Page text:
British finance minister Rishi Sunak is set to increase a tax on business to pay for an extension to Covid-19 support schemes in the budget next month, The Sunday Times reported.
Sunak, in his speech on March 3, will announce he is increasing corporation tax from 19 pence in the pound and will outline a pathway where it rises to 23 pence in the pound by the time of the next general election, the report said. The move will raise an expected 12 billion pounds ($16.8 billion) a year, the report added.
According to the report, at least 1 pence is set to be added to the bill for business from this autumn, at a cost to business of 3 billion pounds, with further rises in subsequent years.
Allies of Sunak clarified he would not increase corporation tax higher than 23%.
These measures will be helpful in paying for an extension to the furlough scheme, VAT cuts and business support loans until at least August.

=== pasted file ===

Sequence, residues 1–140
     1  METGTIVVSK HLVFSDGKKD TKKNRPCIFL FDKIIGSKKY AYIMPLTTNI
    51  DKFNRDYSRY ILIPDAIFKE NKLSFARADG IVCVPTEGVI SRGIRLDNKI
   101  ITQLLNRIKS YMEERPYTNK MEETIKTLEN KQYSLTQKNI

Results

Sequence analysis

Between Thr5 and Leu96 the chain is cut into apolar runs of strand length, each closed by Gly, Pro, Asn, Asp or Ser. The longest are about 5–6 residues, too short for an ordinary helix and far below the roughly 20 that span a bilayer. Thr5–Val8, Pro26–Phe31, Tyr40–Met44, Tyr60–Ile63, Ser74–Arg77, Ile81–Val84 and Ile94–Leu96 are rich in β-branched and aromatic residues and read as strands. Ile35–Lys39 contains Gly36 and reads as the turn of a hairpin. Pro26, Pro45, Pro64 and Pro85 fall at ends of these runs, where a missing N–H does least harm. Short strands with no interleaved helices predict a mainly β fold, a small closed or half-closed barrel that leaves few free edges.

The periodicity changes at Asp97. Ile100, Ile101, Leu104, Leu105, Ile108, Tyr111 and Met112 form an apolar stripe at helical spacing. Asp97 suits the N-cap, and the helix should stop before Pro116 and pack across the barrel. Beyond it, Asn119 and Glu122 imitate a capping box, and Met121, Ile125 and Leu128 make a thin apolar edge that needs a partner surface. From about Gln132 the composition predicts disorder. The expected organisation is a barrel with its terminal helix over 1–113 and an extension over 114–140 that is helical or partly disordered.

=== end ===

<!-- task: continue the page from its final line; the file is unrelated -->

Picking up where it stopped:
Unlike the 2010 Conservative-led government, which pursuedspending cuts to rebalance the economy after the globalfinancial crisis, Sunak is expected to defer most of thetoughest decisions about how to pay for that support in hisbudget speech.
"The corporation tax hike will be higher than expected andthe extension of the support schemes will be longer than mostpeople expect," the newspaper quoted a source as saying.
Insiders indicated the stamp duty holiday on propertypurchases would also be extended in line with the othercoronavirus support measures, the report said.
Britain's economy had its biggest slump in 300 years in2020, when it contracted by 10%, and will shrink by 4% in thefirst three months of 2021, the Bank of England predicts.